Category Archives: Essays


Remembering Tom Hayden

By Mike Davis

Fifty-two years ago this December, an obscure group of young activists, Students for a Democratic Society, held a national council meeting in New York to discuss the next year’s work.  As I recall there were about forty people present, some of them recent veterans of Freedom Summer, others peace and civil rights activists at campuses such as Swarthmore, Michigan, Chicago, Harvard and Tufts.     Continue reading


Rock and Literature: On Bob Dylan’s Nobel Prize

By Kevin Dettmar

I’ve just returned from a wonderful small conference at the National Humanities Center called “Novel Sounds.” At its most specific, conversation focused on the role played by rock ‘n’ roll in contemporary American fiction; more broadly, presentations engaged with the fruitful — if sometimes stealthy, but in any event mutual — give-and-take between writing and contemporary popular music. Continue reading


Construction Sites of Los Angeles: 435 West Los Feliz Road

By Ellie Robins

MILL CREEK, say the site’s barriers. PEOPLE · PLACES · RELATIONSHIPS. Words like this repel thought, which seems not-accidental. Has anyone ever stood here, beside five lanes of traffic, and plugged the URL into a phone? They have now: 20,000 apartment homes built since 2001, apparently. Twenty thousand lives being lived right now in six-, 12-, 18-month installments all around America, laid out in space and time by Mill Creek. And soon another 220, here. Continue reading


Nobel Notes: Dylan as Literature

By Joshua Clover

Bob Dylan, who won the Nobel Prize on Thursday, made his last great recording on my mother’s birthday in 1975. Also, Joni Mitchell is better. He’s a world-historical artist anyway. You might disagree; every Nobel Prize winner is broadly disliked, I hope. Taste is, as always, the least interesting aspect of the contentious debates over who is deserving of this annual travesty. More interesting is the struggle — the campaigning, the outrage, the political demands — over this doling out of cultural recognition by gross global prestige machines. But this year the heat seems to reside in the definition of literature, itself a site of ceaseless cultural combat. Continue reading

Victor Bjorkund, Classroom

Teaching in a Time of Trump

By Robert Zaretsky

“Should this book one day be published…” So began a dedication that, seventy-five years ago in Nazi-occupied France, the renowned French historian Marc Bloch inscribed in a small book he was then writing. As it turned out, the book — The Historian’s Craft — was published, but posthumously, and unfinished. Shortly after he wrote the dedication, Bloch joined the resistance. Captured in 1944, he was tortured and executed by the Nazis scarcely a week after the Allies landed at Normandy. Continue reading


Trigger Warnings: Not Punching Down

By Annie Julia Wyman

In 2013, I taught my first university course: it was to be just me, then a fourth-year graduate student, and five college juniors in the Harvard English honors program. Some weeks before, a student who’d been assigned to my tutorial approached me at a department reception. “I’m so excited for the class,” she said, “I love comedy.” She told me she was a comedian and an actor. We talked about what we were going to read and watch — Chaplin, Joyce, Nabokov, Rogen, Rock, Glazer and Jacobson, and Kondabolu were all on various drafts of my relatively improvisatory syllabus — and how we were both thrilled to have the chance to combine theory and practice. We’d be reading about laughter and trying to make each other laugh. “It’ll be awkward,” I said, “but eh!”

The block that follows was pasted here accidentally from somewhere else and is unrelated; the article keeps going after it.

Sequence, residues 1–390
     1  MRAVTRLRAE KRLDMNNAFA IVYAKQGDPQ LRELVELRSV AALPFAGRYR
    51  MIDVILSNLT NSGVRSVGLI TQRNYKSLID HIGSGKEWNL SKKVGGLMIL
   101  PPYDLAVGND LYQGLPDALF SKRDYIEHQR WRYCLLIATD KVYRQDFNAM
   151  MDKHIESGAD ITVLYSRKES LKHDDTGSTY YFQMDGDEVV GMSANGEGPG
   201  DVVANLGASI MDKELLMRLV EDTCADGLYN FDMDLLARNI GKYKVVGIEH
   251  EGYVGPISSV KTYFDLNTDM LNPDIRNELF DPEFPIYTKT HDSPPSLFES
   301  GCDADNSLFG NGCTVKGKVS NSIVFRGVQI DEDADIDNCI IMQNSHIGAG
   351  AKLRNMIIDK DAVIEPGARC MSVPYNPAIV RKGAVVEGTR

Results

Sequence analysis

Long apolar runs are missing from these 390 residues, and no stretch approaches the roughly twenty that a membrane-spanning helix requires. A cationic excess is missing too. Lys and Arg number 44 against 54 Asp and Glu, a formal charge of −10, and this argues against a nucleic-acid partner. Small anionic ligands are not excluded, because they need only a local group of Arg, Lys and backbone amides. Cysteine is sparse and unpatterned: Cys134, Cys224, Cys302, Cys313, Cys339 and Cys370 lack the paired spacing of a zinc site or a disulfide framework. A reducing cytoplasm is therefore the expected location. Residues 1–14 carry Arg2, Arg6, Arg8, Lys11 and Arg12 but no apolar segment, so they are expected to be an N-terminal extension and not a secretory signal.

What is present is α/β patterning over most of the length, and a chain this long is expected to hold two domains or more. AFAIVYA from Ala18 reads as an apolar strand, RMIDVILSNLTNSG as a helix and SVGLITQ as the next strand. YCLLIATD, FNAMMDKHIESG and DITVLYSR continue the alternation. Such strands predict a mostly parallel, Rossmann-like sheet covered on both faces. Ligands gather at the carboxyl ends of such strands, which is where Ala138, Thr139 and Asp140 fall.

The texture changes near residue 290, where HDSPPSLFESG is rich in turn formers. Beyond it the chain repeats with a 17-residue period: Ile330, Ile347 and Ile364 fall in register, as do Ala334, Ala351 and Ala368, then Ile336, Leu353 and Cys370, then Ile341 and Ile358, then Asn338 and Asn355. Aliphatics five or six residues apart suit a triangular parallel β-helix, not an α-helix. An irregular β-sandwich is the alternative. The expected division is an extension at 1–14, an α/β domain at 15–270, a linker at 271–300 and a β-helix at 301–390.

Surprisingly — to me, at least — my half-joke didn’t hit. Taylor looked at her feet, and then she looked at me. “I wanted to tell you something, which is actually why I came over,” she said. “I can’t laugh.” Continue reading

Photo by Matúš Benian

Berlin Scenes

By Alex Cocotas

Berlin is a waiting room. Last week we went to a dinner party. There were Syrians, Israelis, Somalis, Germans, a Croat, a Greek, and, myself, an American. At times it was a Danse Macabre of sorts. Syrians and Israelis commiserated about overcoming preconceptions. A Somali interjected that five years of war was nothing — see what fifteen years of war does to your reputation. Two Somalis argued about the security situation of their country. One insisted it was getting better; there is a boom in the Mogadishu real estate market. The other said she was just there. She spent three nights sleeping under her bed, the sound of gunshots ringing out in the distance. There’s a government now, he countered. Who elected them? She retorted. Are there hospitals, public schools? The Greek exclaimed: That’s the key! Continue reading

Caravaggio: Narcissus, 1594

A Book of the Bible Even an Atheist Can Love: Secular Inspiration in Ecclesiastes

By Jeffrey Tayler

“Vanity of vanities, saith the Preacher, vanity of vanities; all is vanity,” announces Ecclesiastes, a book of the Old Testament that I, an atheist with an ardent distaste for religion, find consoling, calming, and wise. As the years pass and cares mount, as pleasures fade with repetition, and as the senescence and deaths of family members bear down relentlessly, I find myself turning to Ecclesiastes for comfort, inspiration, and, despite its melancholy tidings, cheer. Continue reading


A Vision of San Francisco: SFMOMA Expansion and the Rise of a City

By Mimi Zeiger

In 1990, several years before the San Francisco Museum of Art (SFMOMA) would move into its new building on Third Street, William Gibson wrote the short story “Skinner’s Room” for the architecture exhibition Visionary San Francisco. Commissioned by the museum’s first architecture and design curator Paolo Polledri, Gibson’s sci-fi dystopia depicted the city’s homeless population squatting on a defunct Bay Bridge while wealthy urbanites made their homes in 60-storey solar-powered towers. Continue reading